High shipping costs weigh on the economy


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It cost John Logue about $ 6,600 to ship a container of hazardous chemicals from Shanghai to Chicago. Now the CEO of the Royale Group is paying up to $ 29,000 – and that’s if he’s lucky enough to find space on one of the most sought-after freighters plying the Pacific trade routes.

Logue’s headaches at sea are mirrored on land, where Royale Group shipping containers regularly find themselves stuck in traffic jams at train stations resulting in costly and unpredictable storage costs. Earlier this month, BNSF, one of the nation’s largest railroads, increased fares in Los Angeles and Chicago, exacerbating Logue’s problems.

The Royale Group’s double-barreled freight issues, which hamper both existing operations and Logue’s efforts to return manufacturing to the United States, exemplify the market power of the handful of shipping companies and railroads that move goods from distant factories to American homes.

“We are at their mercy,” Logue said. “Sometimes we throw our arms up in the air … It’s madness.”

Recently, President Joe Biden called on regulators to crack down on consolidation in the shipping and rail sectors, as part of a broad executive order promoting competition across the U.S. economy.

Freight may seem like a prosaic subject for presidential attention. But the smooth flow of goods has perhaps never been more essential amid the explosion of e-commerce that accompanied the pandemic. Transportation bottlenecks in June helped fuel the highest inflation in 13 years, shaking Americans with stickers on merchandise such as used cars, airline tickets and bacon.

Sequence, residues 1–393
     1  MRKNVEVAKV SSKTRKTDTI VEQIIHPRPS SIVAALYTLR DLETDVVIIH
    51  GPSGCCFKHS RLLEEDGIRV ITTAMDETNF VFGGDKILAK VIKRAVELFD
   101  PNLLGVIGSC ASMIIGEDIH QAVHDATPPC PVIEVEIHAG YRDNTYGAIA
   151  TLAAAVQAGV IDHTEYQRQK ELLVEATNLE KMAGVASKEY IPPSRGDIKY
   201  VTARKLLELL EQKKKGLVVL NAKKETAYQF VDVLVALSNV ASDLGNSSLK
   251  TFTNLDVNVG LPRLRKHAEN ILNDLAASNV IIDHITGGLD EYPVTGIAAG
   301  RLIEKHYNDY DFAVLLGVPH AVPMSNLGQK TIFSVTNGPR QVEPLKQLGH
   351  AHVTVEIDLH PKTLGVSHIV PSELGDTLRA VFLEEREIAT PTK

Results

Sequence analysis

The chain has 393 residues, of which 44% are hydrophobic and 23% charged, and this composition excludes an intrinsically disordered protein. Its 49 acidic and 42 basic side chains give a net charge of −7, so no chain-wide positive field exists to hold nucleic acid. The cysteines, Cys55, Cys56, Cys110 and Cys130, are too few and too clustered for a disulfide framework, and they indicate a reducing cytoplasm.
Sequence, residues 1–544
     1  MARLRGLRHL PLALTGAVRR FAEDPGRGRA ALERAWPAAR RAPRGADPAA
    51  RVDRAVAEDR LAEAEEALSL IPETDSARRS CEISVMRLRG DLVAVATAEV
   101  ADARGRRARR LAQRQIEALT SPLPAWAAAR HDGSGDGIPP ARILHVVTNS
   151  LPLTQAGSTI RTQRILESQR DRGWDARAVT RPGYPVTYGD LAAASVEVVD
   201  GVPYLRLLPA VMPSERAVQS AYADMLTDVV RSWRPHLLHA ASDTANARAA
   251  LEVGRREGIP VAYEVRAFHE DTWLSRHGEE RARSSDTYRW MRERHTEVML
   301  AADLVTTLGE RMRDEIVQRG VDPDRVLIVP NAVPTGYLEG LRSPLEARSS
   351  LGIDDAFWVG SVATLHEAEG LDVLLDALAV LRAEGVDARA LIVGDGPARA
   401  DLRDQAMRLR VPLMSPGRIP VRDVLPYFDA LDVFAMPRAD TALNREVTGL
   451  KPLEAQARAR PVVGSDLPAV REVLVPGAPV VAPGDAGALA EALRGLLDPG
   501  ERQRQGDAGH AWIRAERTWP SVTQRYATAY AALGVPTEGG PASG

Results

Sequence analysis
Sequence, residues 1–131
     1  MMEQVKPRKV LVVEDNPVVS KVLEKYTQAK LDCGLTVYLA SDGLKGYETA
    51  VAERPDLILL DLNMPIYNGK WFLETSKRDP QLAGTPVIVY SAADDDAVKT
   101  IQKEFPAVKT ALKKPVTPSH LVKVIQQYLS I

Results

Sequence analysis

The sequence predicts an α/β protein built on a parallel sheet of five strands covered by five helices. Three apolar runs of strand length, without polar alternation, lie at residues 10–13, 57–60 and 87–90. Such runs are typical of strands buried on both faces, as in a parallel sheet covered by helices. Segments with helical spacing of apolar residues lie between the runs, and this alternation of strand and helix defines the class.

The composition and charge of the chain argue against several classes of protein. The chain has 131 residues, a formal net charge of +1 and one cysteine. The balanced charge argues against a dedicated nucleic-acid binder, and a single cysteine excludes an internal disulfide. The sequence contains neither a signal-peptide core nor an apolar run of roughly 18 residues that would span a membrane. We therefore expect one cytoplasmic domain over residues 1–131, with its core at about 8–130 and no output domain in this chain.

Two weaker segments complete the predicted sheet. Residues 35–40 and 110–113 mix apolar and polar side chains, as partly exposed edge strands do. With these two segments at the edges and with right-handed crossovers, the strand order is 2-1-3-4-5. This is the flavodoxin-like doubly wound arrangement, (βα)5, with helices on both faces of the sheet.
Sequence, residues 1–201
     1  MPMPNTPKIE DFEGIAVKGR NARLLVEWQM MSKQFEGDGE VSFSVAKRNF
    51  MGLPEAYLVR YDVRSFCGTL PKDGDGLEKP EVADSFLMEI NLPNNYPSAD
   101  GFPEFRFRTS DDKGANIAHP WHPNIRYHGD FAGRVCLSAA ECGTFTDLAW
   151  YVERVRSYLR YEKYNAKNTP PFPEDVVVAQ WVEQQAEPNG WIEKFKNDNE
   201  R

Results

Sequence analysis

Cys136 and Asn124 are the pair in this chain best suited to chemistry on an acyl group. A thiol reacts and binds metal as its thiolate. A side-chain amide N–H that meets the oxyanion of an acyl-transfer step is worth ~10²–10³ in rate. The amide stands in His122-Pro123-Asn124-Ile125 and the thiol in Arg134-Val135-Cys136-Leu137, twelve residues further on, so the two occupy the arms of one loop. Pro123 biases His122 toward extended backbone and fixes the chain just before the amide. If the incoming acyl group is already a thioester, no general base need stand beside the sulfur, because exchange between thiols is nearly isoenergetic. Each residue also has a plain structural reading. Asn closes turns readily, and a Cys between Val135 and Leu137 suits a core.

Indeed, some regulators and executives warn that unusually high shipping costs and related supply chain disruptions could lead to scattered shortages this year as the US economy recovers. Imports of products such as tires, food and water purification chemicals could be affected, said Carl Bentzel, a commissioner for the Federal Maritime Commission.

“I am extremely concerned now about the economic impact caused by the current situation. This may be the first time the public has seen the impact of shipping disruptions since World War II,” he said.

But global freight carriers and U.S. railways insist the administration misdiagnosed supply issues. The country’s ports, terminals, trucking fleets and rail lines are overwhelmed by an increase in imports linked to the pandemic, and not strangled by monopolies, they say.

Either way, with industry groups opposed to the new regulations, a quick unraveling of harassed US supply chains is unlikely.

White House officials who drafted Biden’s order say high transportation costs resulting from a lack of competition are a drag on the entire economy. Nine freight carriers, organized into three maritime alliances, control more than 80% of the global ocean-going vessel market. Likewise, there are only seven major railways, up from 33 four decades ago, according to the report. White House.

“It’s like interest rates or oil,” said Tim Wu, the president’s special assistant for technology and competition policy. “It gets less attention, but for US consumers and exporters, the price of moving goods is very important.”

However, it is difficult to distinguish between the effects of industry consolidation and the pandemic. Importers and exporters have been complaining for more than a year about skyrocketing transport costs, amid a shortage of sea containers, truck frames, drivers and dockworkers.

Biden’s aides recognize that the pandemic is responsible for much of the disruption. But they say the lack of competition has allowed freight carriers and railways to exploit the pandemic by pushing prices to all-time highs.

Industry officials and some independent analysts disagree. Drafting regulations to deal with the current situation risks unintended consequences once the economy recovers, said Lars Jensen, CEO of Vespucci Maritime in Copenhagen.